Sujatha Ramdorai

Country of birth: 
India
Country of studies: 
India
Country of residence: 
India

From Women Mathematicians around the World, a Gallery of Portraits

School of Mathematics, Tata Institute of Fundamental Research (TFR),

Homi Bhabha Road, Colaba, 400 005 Mumbai India,\\

e-mail: sujatha at math.tifr.res.in

Education

982: BS, St. Joseph's college, Bangalore.

1985: MS, Annamalai University.

1992: PhD, TIFR/Bombay University.

Professional experience

current: Professor, School of Maths, TIFR (associated with the University of British Columbia, Canada).

since 2010: Canada Research Chair in University of British Columbia.

since 2009: Member, Prime Minister's Scientific Advisory Council, Government of India.

2007--2011: Visiting Professor, Chennai Mathematical Institute.

2007--2009: Member of the National Knowledge Commission.

2001--2004: Principal Investigator for the Indo-French Centre for Promotion of Advanced. Research (IFCPAR) Project 2501-1 on Algebraic groups in Arithmetic and Geometry.

1997--1998: Alexander von Humboldt Fellow.

1994--1997: Associate Professor, the Indian Academy of Sciences.

1993--1994: Assistant Professor, Ohio State University.

1991--1992: Research Assistant, Regensburg University.

Honours and prizes

Ramdorai Sujatha is the first and only Indian to win the prestigious ICTP Ramanujan Prize in 2006 and also a winner of the Shanti Swarup Bhatnagar Award in 2004.

 

Questionnaire

How and when did you come to choose to do mathematics?

My love for mathematics started early on in my primary school, when I realised that one could do well in this subject by just understanding it! Among my happy memories of the summervacations are those that I spent in the city library reading and also of the times when we got the text books for the next year. I would quickly try to understand and work through the early math chapters before school started. The other subject we would run through much faster and more easily was English.

Were you then encouraged by your family, friends or by other people around you?

There was no academician in my immediate family but I was fortunate to be born in a family which revered education and knowledge. My attitude to academics was shaped by my grandmother, who all through her life lamented the fact that she was not fortunate enough to have had a full education. Her thirst for learning and knowledge however stayed with her all her life and she instilled it in me and my brother. I grew up being hardly conscious of a life beyond one that encompassed the mind.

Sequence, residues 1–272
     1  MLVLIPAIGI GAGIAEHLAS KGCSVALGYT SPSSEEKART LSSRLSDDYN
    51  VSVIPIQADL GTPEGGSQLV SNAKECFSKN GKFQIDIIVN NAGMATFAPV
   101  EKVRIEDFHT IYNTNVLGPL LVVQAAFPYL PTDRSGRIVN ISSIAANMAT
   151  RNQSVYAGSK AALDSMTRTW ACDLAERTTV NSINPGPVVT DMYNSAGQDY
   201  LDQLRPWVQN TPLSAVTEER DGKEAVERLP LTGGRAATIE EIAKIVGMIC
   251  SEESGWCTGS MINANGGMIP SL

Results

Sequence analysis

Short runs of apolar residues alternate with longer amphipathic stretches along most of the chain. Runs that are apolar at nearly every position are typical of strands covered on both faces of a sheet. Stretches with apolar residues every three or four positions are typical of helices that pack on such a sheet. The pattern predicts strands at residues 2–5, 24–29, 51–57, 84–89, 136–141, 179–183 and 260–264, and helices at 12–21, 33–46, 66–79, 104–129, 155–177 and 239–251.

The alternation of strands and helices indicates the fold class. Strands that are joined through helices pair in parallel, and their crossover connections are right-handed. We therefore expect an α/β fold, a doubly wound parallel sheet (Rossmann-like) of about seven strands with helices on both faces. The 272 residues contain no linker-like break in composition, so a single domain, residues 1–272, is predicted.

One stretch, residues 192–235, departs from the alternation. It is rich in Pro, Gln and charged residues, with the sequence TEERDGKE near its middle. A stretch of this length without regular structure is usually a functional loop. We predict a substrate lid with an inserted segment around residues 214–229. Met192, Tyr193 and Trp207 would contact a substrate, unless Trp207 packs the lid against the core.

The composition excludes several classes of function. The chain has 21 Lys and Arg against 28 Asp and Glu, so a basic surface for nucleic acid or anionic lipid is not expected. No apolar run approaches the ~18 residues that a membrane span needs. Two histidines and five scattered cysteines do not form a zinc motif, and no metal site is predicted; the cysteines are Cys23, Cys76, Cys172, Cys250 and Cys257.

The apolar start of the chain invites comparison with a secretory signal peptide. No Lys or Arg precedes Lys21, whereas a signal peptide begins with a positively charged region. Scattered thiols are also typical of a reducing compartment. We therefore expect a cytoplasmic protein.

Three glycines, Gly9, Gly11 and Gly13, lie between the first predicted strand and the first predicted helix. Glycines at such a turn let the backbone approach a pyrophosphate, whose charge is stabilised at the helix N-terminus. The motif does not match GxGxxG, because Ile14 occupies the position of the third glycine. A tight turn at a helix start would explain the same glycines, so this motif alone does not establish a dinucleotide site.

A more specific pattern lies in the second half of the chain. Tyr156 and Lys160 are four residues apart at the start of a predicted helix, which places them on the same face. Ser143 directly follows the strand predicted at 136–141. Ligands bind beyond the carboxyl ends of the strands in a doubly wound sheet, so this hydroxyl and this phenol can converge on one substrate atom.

Did you come across obstacles in pursuing your career as a mathematician?

Yes.

If so, could you point out to some of them?

In the late 1970’s, there was no career counselling and information was not as freely available or accessible as it now is. Engineering was not the rage that it is now. However, it was clear that a successful degree in a good engineering college, preferably in computer science, meant that one's career was comfortably made!

There were not many women doing engineering and I was torn between pursuing a degree in the pure sciences and an engineering degree! When I was discussing this with one of my seniors in my pre-university years, he asked me if I liked abstract thinking. I said I loved it and then his immediate response was that I should then continue to do mathematics rather than engineering! This helped me make up my mind and I did not even apply to any of the engineering or medical colleges after my pre-university results were out.

Do you think some of the possible difficulties are related to the socio-economic situation in your country?} the fact that you are a woman? other reasons? Please describe the type of difficulty you encountered (and maybe still encounter) and comment on how you overcame these difficulties, if any.

I am very conscious that in India, women have multiple contextual roles to play, and am also constantly struck by the fact that women do it with dexterity and ease, across sections of society!

As for myself, I got married before I graduated and then continued to do my Master's degree in mathematics, by correspondence. I was still unaware that a research career in mathematics was possible, the level of information dissemination was quite abysmal then even in cities! We moved to Bombay and here a few people vaguely mentioned ``Tata Institute of fundamental Research'', however knowing little beyond the name! It was a sheer stroke of luck that I chanced upon the advertisement of TIFR calling for admissions to the PhD degree... I did my PhD there under the supervision of Professor Parimala Raman and have continued to work there after my PhD.

 

In retrospect, are you happy to have chosen mathematics or do you have some regrets? What are for you the joys of mathematics? What are for you the hardships of mathematics?